The adventure playground is on the West side of the hot spring and it is free. The playground is actually quite small, with one big combination unit, but it is surprisingly engaging for children playing together up to about 8 years old. It might be less engaging for a child older than five there on his/her own. The likelihood of a child playing there on their own is quite small though, as even on the coldest winters weekday, there is always a couple of families knocking about. The play unit has a lot of climbing features and 2 wide bumpy slides. It is beside the pig pen; home to three popular pigs. There is a tunnel beside the pig sty that kids enjoy running through. This area also has some gazebos, one of which has a table. Both have benches. You can eat food in the gazebos. There is an array of drink vending machines beside the one with tables. There is no smoking in this area, but there is at least one smoking area in the complex.
One of the kid’s favourite eateries in the complex is the “Saiboku Cafeteria” as it sells ice-cream. They have two different types of ice-cream: soft cream and scooped ice-cream. The latter you can get on a cone or in a cup. They have vanilla, strawberry, chocolate, green tea and sweet potato flavour. On the weekends you get the ice-cream from a window on the outside of the building (pictured below) where they also sell popcorn. Can you spot the flying pig in the picture!?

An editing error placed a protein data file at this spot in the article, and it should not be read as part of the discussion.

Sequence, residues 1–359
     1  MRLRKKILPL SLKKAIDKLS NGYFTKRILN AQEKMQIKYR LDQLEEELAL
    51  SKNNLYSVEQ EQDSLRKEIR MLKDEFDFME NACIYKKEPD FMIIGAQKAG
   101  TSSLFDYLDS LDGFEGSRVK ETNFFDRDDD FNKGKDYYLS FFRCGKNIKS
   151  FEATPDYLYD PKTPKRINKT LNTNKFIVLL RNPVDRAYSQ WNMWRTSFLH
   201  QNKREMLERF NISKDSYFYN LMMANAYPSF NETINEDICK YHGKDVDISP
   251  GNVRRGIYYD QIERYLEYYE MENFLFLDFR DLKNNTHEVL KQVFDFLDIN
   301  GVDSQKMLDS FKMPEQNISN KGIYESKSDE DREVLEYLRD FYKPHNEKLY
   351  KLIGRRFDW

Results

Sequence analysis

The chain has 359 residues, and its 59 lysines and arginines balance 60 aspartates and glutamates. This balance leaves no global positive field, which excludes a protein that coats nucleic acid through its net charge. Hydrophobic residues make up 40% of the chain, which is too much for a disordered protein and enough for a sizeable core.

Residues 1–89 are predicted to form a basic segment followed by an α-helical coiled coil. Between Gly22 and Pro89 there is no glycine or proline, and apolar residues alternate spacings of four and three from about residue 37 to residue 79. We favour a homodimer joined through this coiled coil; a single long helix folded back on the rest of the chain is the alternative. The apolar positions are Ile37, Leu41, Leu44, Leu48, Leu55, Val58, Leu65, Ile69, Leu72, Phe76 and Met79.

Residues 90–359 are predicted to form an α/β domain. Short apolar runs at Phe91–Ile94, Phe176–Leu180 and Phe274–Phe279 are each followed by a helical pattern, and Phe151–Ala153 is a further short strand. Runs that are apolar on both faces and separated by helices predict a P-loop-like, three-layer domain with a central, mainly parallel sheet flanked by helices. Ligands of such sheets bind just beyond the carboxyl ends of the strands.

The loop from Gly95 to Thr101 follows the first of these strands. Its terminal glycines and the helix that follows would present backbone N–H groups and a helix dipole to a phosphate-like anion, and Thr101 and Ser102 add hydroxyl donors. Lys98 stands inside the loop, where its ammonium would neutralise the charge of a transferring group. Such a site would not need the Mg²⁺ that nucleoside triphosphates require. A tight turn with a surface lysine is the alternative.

The indoor section is quite small and not particularly exciting, but they have high chairs with safety straps in the indoor section of this cafeteria. I so rarely see safety straps on high chairs in Japan that they really stood out to me. They are like the Stokke stepped high chairs. They also have a hand basin with a step for children to use. In the special needs toilet beside the cafeteria they provide a child’s toilet seat that can be placed on top of the regular toilet seat. I found these little extras to be very convenient for my toddlers. They don’t have a family toilet like in so many places these days, but they do have a changing mat at the entrance to the women’s toilet. A man could use it too, without having to go right into the women’s toilets. There is a great outdoor seating area outside this cafeteria. It can be used to eat any food bought on Saiboku premises.